The Boston Packing Co. building looks much too large to fit in the triangular block between SW 3rd, Ash and Ankeny Streets. A pedestal of one of the “Great Light Way” display arches over the intersection from the corner. It was sure to be a rough-and-tumble area just off lower Burnside in the 1920s.
Archive for the ‘Ankeny Street’ Category
The New Market Theater is shown here on SW 1st between Ankeny and Ash Streets, probably in 1872, the year it was completed. Construction appears to be just starting for the New Market Block, North Wing, which was completed the following year. The North Wing was demolished in 1956 but the cast-iron arches were saved and are in place today. It will be another 16 years before the Skidmore Fountain makes its appearance. It would be placed probably about at the end of the wooden sidewalk at lower center of the photo.
We’ve seen this building before, from almost the same angle. This one, taken about a year earlier, shows it without all the street construction debris we saw in the earlier photo.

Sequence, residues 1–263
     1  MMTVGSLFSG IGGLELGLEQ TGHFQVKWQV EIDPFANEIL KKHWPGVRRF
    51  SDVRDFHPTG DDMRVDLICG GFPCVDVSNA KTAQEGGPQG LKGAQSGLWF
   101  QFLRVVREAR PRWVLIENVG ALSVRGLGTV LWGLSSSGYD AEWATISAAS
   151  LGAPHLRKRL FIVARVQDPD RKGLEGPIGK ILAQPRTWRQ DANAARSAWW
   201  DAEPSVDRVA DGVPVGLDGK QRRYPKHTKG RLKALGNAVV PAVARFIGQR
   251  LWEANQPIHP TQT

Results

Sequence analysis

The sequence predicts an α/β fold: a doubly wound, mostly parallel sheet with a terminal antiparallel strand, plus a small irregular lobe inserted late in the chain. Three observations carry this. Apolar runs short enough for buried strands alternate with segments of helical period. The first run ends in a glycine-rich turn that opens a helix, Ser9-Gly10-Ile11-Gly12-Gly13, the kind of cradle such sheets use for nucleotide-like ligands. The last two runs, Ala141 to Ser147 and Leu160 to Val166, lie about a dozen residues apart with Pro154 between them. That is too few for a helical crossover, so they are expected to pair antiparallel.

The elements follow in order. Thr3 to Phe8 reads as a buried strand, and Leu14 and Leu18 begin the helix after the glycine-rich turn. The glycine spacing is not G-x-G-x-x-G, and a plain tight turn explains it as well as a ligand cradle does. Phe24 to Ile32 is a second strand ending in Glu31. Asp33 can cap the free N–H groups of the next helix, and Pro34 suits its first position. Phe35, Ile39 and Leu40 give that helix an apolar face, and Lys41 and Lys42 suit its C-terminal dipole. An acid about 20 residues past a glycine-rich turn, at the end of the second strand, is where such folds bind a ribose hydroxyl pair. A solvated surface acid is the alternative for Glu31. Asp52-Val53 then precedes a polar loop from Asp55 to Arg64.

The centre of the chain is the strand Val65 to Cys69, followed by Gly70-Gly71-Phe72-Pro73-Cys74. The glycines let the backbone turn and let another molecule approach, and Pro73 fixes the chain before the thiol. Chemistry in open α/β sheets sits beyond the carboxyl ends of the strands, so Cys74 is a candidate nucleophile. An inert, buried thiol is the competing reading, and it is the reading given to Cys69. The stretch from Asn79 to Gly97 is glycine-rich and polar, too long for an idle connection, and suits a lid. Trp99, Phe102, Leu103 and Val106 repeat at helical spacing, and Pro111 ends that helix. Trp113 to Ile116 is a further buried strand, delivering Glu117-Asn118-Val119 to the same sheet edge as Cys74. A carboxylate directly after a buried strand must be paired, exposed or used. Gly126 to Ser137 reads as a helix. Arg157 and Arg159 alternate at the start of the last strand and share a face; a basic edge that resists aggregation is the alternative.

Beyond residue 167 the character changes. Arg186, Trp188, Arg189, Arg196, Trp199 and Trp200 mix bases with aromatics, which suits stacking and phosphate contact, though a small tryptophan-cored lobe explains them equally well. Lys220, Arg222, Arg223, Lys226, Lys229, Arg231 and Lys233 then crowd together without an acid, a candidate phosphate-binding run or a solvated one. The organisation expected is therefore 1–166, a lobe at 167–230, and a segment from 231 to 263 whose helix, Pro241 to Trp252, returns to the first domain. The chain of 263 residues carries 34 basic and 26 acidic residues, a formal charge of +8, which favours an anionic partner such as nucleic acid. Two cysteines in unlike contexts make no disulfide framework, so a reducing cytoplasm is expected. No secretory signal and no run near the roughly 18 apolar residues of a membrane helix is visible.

The building directly behind Skidmore Fountain in yesterday’s post is shown here in its final days. Its whole history is a bit fuzzy but the 1870′s-era stone building was apparently the first U.S. customs house in Portland. Other uses over the years included a furniture warehouse and, as was seen yesterday, home for the Pacific Tent & Awning Co. Thanks to Bud Holland who supplied this terrific 1957 photo showing the beginning of the demolition process. The building was leveled for a parking lot. Click here to read a 1957 article from The Oregonian about this building.
When Skidmore Fountain was dedicated in 1888, the intersection of First Avenue and Ankeny and Vine Streets was in the fashionable shopping and entertainment center of Portland. Half a century later the heart of downtown had move south and west, leaving this area to a more humble trade. It has survived floods, vandalism, plans to move it to other locations, and acid cleanings by well-meaning public workmen over the years, but still stands in its original location.
The Helm building stood between the Packer-Scott building and the Burnside Bridge between Front and 1st Avenues. The Helm was the remaining portion of the 1877 Dekum & Reed block. The western half (shown here facing 1st Ave.) was destroyed by an explosion in 1968. The right-most cast-iron column is still attached to the northwest corner of the Packer-Scott building (Mercy Corps headquarters). Check it out next time you’re down at Saturday Market.